Professor Louise Allcock, Head of Zoology and Director of the Ryan Institute’s Centre for Ocean Research and Exploration at NUI Galway, is part of an international team of scientists who have called for a dedicated decade-long programme of research to greatly advance discovery in the remote regions of the deep seas and learn how they impact the wider ocean and life on the planet.
The deep seas – vast expanses of water and seabed hidden more than 200 metres below the ocean surface to depths up to 11,000 metres – are recognised globally as an important frontier of science and discovery.
But despite the fact they account for around 60% of Earth’s surface area, large areas remain completely unexplored, yet the habitats they support impact on the health of the entire planet.
The international team spanning 45 institutions in 17 countries, presented the rationale behind the call for action in a comment article in Nature Ecology and Evolution, simultaneously publishing a detailed blueprint of how the actions can be best achieved in Frontiers in Marine Science.
The programme, which scientists have named ‘Challenger 150’ will coincide with the United Nations Decade of Ocean Science for Sustainable Development, which runs from 2021-2030.
Challenger 150 will generate new geological, physical, biogeochemical, and biological data through a global cooperative of science and innovation, including the application of new technology. These data will be used to understand how changes in the deep sea impact the wider ocean and life on the planet.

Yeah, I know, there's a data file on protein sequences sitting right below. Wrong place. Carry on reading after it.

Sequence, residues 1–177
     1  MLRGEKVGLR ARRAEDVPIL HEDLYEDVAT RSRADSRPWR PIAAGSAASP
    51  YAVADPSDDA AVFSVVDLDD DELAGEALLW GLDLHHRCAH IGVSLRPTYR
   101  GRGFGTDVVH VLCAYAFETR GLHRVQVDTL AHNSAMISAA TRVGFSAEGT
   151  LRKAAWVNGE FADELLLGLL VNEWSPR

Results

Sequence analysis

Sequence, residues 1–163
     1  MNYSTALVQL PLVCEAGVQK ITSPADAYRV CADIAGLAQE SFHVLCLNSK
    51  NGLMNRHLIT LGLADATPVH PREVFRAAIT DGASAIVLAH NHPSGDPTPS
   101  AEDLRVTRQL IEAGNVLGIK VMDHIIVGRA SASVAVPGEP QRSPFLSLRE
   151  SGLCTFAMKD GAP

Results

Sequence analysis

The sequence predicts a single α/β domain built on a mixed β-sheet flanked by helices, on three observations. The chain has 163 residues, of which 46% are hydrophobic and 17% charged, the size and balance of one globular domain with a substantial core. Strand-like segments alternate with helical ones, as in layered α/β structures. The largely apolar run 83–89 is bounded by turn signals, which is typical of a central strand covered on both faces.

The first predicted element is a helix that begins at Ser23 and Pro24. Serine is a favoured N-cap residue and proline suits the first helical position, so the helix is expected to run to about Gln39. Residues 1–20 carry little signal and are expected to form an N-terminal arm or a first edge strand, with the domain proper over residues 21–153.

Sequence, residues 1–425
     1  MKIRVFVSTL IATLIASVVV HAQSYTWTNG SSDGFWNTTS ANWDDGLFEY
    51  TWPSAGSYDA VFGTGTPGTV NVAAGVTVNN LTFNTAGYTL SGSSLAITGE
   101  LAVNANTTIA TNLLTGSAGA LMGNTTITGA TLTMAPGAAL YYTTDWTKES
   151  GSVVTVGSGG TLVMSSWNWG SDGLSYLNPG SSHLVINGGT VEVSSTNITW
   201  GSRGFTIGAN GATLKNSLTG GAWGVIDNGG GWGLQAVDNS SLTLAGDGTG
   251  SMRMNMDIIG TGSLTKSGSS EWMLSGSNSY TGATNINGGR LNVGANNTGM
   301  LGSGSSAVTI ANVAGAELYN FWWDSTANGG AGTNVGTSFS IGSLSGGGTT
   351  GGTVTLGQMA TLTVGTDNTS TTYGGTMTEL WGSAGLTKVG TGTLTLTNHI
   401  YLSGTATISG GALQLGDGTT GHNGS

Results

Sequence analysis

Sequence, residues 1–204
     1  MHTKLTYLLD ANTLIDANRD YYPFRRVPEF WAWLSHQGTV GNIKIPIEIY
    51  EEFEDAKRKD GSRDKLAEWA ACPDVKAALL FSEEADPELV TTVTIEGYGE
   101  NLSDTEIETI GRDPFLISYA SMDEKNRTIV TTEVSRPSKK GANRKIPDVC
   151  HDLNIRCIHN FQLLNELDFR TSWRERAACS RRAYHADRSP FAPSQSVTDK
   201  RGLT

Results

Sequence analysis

Professor Louise Allcock, one of the authors of the detailed blueprint paper, said: “The next ten years are going to be critical for our oceans - we MUST ensure that our oceans are used sustainably. This field-programme blueprint maps out how nations can share knowledge, equipment, and expertise, and develop capacity in deep-sea science across the world. By working to joint protocols, we can produce global datasets that answer broad questions about ocean diversity and resilience that cannot be answered by any one nation alone. Such knowledge can inform policy development and ensure our oceans are protected such that they also sustain future generations.”
Recent expeditions led by NUI Galway, aboard the national research vessel RV Celtic Explorer, and deploying the deep-water remotely operated vehicle ROV Holland I, have shown the Irish deep sea to be richly diverse. The proposed international programme will help scientists understand connectivity within and among oceans, and how best to conserve this rich biodiversity. These deep-sea ecosystems play a very important role in carbon storage, so maintaining their quality is paramount in the face of rising carbon dioxide levels and global climate change.